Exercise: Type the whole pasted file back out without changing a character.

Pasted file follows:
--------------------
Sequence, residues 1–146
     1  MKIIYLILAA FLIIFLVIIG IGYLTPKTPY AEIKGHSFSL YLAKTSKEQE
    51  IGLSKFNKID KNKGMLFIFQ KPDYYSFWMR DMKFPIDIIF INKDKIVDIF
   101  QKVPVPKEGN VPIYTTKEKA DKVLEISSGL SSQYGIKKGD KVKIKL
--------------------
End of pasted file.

Sequence, residues 1–146
     1  MKIIYLILAA FLIIFLVIIG IGYLTPKTPY AEIKGHSFSL YLAKTSKEQE
    51  IGLSKFNKID KNKGMLFIFQ KPDYYSFWMR DMKFPIDIIF INKDKIVDIF
   101  QKVPVPKEGN VPIYTTKEKA DKVLEISSGL SSQYGIKKGD KVKIKL